There was a time when much of Childish Gambino’s identity revolved around the life of “The Boy,” and the narration of his coming-of-age story that honed in on many of the bumps and bruises he picked up along the way.

Dating all the way back to his 2011 debut Camp, the boy has been an integral character threading together Gambino’s discography, reappearing at different life stages in the music, the videos, or, of course, the 75 page-screenplay.

We’ve seen him as the heartbroken young camper alone on the bus at the end of “That Power” and the half-alien creature hurling bodies through the forests of Kauai in “Telegraph Ave,” but lately he’s been a much more mature figure, hitting soulful notes in a funkier, more experimental realm as he looks to leave the childish persona in his past.

And if you still had any question as to whether or not Donald Glover had completed the transition into manhood, watching the fully bearded creative drop to his knees at the Forum to wail at the top of his register would certainly be enough to sell you.

Donald Glover has been his most liberated self for all of 2018, landing at number one on British GQ’s list of best-dressed men while shirtlessly dancing through the madness during his attention-arresting “This is America” video.

Sprinting across the stadium on Sunday (December 16) night, Gambino was just as unrestrained inside The Forum during the Los Angeles stop of his tour, doing everything humanly possible to reach the masses for as long as he held the spotlight. At one moment he popped up in the upper deck to passionately sing “Stand Tall” while the people in his section dreamily stared in awe; at another, he was barreling his way through the front section while belting out grand vocal riffs to the tune of “Redbone.”

Even when he was off stage, he was on full display for all in attendance, blown up on the video screen while holding his hand to his ear as the crowd roared for him to return for an encore.

As recently as two months ago, the future of the tour was muddied after he injured himself while performing in Dallas. Shimmying his way across the stage and hopping to the beat in L.A., however, he looked to be fully healed, even leaping to smack an overhead pipe while walking backstage at one point during the performance. As he crawled on all fours during a stripped-down rendition of “Riot,” a fan excitedly cried out “Hey, Simba,” referencing his upcoming role in the live-action remake of the Lion King slated to hit theaters in 2019.

Glover has played a plethora of personalities in his career, from the lovable yet innocent Troy Barns in the Community era to the cynical, cunning manager known as Earn on Atlanta. At the Forum, his character often seemed to be the crazed, intense messenger hell-bent on sharing his truth to the audience, with a compulsion from a higher power that was evident in his wide eyes and over-exaggerated movements. More than a few times, he expressed his desire to have a church-like experience rather than a standard concert, calling upon the congregation to leave their cool at the door and shake off their demons without fear of judgment.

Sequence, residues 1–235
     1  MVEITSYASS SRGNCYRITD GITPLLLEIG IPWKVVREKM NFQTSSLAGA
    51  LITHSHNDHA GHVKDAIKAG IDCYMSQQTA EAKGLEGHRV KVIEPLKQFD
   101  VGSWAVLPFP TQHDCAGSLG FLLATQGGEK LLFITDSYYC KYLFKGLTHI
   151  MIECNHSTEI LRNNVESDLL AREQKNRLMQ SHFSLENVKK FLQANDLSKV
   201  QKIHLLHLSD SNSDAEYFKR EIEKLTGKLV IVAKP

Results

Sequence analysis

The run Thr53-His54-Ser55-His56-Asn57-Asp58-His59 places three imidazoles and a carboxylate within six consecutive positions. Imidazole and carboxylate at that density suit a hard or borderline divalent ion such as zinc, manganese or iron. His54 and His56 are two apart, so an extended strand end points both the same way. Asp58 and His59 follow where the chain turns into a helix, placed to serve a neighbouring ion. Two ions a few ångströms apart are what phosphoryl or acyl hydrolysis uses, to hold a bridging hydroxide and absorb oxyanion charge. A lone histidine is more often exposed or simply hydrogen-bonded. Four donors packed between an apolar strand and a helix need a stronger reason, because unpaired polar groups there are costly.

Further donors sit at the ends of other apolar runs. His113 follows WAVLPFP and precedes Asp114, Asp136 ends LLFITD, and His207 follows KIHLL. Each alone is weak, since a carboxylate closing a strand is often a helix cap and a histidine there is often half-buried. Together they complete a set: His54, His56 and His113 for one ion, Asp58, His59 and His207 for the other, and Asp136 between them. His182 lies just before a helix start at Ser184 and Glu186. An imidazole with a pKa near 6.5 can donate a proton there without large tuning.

Singing “Have Some Love” at the top of his lungs with the support of a gospel style choir behind him, he did more than take the onlookers to church, transporting the building to outer space with enthralling graphics and flashing lights that beamed their way across the room. When it came time for the final beat drop on “Sober,” he finally received the massive crowd response he had yearned for the entire night, with people in the floor section, lower bowl and nosebleeds alike bounding upward with glorious jubilee. Elsewhere, when he showed signs of fatigue from all the commotion, the crowd ensured that their appreciation would be heard, screaming words of praise and worship toward the stage as the hypnotizing preacher lay flat on his back while gasping for air.

Of course, there was another reason for the heightened sense of urgency that permeated the program: the sobering announcement that this would be the final Childish Gambino tour. He’s certainly accomplished all he set out to do when he typed his birth name into the Wu-Tang Name Generator, and now he’s ready to chart a new course, redefining himself and testing his creative talents in new waters. It’s a reality that has been on the horizon for years, but it’s inevitably a hard pill to swallow for his ever-devoted following, who have followed his growth ever since he was rapping his way through an empty warehouse in the iconic, unzipped red hoodie.

If this is truly the end of the road, it’s been a wild ride; one filled with lofty pinnacles and astounding achievements that will surely be chronicled into the history books until 3005 and beyond.

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